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Analysis of Constitutional issues pertaining to the Electoral Amendment Bill

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Inclusive Society Institute

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Views expressed in this report do not necessarily represent the views of the

Inclusive Society Institute or those of their respective Board or Council members.


Prof Geo Quinot

Department of Public Law, Stellenbosch University

1. In New Nation Movement NPC v President of the Republic of South Africa [2020] ZACC 11, (“New Nation Movement”), the Constitutional Court held that the Electoral Act 73 of 1998 (“the Act”) was unconstitutional to the extent that it did not provide for individuals to contest elections for membership of the National Assembly and Provincial Legislatures independently from political parties. The Court suspended the declaration of invalidity for 24 months to allow Parliament to remedy the defect (the Court subsequently extended the suspension until 10 December 2022).


2. In response to New Nation Movement, Parliament is currently considering the Electoral Amendment Bill (B1-2022) as the means to cure the defects in the Act. On 2 September 2022, the Portfolio Committee on Home Affairs called for further public comments on material revisions of the Bill (B1A-2022) (“the Bill”).


3. Several civil society organisations, including the Inclusive Society Institute, have raised concerns regarding the constitutionality of the Bill. This analysis is aimed at considering various aspects of the Bill, in the form put forward for public comment on 2 September 2022, from a constitutional perspective, focusing specifically on those aspects that may be constitutionally suspect.




4. Section 31B of the Bill sets out the requirements for an independent candidate to contest elections. These include, in section 31B(3)(a), the requirement of nomination requiring an independent candidate to submit “the names, identity numbers and signatures of voters whose names appear on the segment of the voters’ roll for that region or province in which the candidate is standing for election and who support his or her candidature, totalling at least thirty percent of the quota for a seat that was required for a seat in the previous comparable election”. This requirement is analogous to (but not the same as) the requirement in the Electoral Commission Act 51 of 1996, section 15(3), read with section 26 of the Act. In terms of the latter, a party may only contest elections if it is registered as set out in section 15 of the Electoral Commission Act. This includes a requirement, in section 15(3)(a), that the application for registration be accompanied by “that party’s deed of foundation which … has been signed by the prescribed number of persons who are qualified voters”.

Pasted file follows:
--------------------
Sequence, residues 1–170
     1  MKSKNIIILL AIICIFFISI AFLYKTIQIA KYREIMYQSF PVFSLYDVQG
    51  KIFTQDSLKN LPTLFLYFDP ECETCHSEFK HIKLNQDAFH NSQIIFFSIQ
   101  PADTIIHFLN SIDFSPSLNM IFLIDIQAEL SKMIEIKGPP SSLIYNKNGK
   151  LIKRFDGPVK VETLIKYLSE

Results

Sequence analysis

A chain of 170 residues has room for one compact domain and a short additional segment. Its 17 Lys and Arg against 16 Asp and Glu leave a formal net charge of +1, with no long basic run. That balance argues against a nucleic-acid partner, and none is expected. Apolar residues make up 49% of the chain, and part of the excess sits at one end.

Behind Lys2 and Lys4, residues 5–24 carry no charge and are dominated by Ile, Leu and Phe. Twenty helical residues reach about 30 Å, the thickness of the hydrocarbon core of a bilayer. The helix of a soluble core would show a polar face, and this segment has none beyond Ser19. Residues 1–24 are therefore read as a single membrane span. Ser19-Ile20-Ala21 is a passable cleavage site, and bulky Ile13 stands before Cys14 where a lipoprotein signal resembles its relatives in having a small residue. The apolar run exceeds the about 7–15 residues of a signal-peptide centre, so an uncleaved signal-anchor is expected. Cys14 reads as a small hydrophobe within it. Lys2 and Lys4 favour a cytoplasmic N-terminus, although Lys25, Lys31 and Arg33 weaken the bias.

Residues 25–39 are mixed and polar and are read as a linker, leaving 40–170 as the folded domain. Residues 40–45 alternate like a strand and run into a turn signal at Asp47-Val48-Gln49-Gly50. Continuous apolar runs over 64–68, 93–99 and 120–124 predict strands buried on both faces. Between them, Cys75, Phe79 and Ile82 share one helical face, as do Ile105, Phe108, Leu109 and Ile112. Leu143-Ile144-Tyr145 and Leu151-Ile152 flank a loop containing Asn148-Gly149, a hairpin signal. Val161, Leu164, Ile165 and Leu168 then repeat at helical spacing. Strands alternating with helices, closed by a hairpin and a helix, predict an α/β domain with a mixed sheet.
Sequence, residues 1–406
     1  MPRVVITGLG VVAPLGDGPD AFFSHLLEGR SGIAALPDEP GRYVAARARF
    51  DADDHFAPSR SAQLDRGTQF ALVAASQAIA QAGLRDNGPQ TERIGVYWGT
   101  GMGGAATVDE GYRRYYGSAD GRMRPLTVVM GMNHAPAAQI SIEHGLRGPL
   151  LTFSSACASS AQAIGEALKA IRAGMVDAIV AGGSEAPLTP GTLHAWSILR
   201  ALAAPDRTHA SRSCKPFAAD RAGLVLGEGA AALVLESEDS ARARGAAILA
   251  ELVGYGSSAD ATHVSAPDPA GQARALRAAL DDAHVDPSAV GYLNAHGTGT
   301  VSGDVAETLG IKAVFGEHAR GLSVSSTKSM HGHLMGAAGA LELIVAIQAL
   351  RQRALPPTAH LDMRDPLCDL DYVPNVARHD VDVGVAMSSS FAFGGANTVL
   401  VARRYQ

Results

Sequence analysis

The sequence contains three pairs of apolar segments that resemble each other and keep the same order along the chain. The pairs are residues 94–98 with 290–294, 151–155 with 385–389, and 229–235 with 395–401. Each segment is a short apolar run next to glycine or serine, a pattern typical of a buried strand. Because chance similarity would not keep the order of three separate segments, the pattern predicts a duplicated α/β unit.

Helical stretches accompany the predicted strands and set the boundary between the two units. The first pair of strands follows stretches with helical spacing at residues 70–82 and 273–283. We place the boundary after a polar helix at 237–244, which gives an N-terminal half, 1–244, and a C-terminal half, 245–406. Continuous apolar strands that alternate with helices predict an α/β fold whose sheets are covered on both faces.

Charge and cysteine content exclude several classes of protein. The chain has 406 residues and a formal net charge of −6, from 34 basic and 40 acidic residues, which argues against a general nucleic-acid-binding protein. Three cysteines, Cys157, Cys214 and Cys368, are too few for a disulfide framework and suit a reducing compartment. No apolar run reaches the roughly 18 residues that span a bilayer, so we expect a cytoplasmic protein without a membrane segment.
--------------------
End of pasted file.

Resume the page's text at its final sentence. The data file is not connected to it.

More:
5. The Act and the Bill thus place a limitation on both independent candidates and parties to contest elections in the form of proof of support by a set number of voters. There are, however, important differences between this support limitation as applied to independent candidates and parties respectively.


5.1. In the case of independent candidates, such limitation on contesting elections is more direct in that a party only has to submit such proof of support once when registering as a party and not in each instance that it wishes to contest elections, whereas an independent candidate must submit such proof each and every time they intend to contest an election, regardless of whether the candidate has previously been elected to a seat in the chamber to which the election pertains.


5.2. There is a material difference in the number of voters that must indicate support for independent candidates and parties respectively. In terms of the Regulations for the Registration of Political Parties (GNR.13 of 7 January 2004, as amended), promulgated under the Electoral Commission Act, regulation 3, a party must submit a list of 1000 signatures for registration nationally, 500 signatures for registration in a particular province and 300 signatures for registration in a particular district or metropolitan municipality. In contrast, the Bill sets the number of signatures required by an independent candidate at 30% of the quota for a seat that was required for a seat in the previous comparable election, regardless of what chamber the candidate is contesting for. The exact number of signatures required by independent candidates will thus differ from time to time and between chambers, but will in most instances be significantly more than the set numbers required for parties. For example, in the 2019 national elections, the number of votes required to secure a seat in the National Assembly was approximately between 30 000 and 40 000. On a very basic calculation, this implies that, on the approach adopted in the Bill, an independent candidate will require upwards of 10 000 signatures in support to contest an election for the National Assembly. There is thus more than a tenfold difference in the support requirement as applied to parties and independent candidates respectively.


6. The support limitation raises multiple constitutional concerns.


6.1. Firstly, the limitation imposed by the support requirement is questionable in light of the Constitutional Court’s remarks in New Nation Movement regarding the wording of section 19(3)(b) of the Constitution. The Court interpreted the section as conferring a right on individuals to stand for public office, only limited by the requirement that such individuals must be adults and South African citizens. That is, any additional limitations on an adult citizen to stand for public office, would fall foul of section 19(3)(b) and will only be justifiable in terms of section 36 of the Constitution. Throughout his majority judgment in New Nation Movement, Jafta J emphasises the lack of further limitations on the section 19(3)(b) right, for example: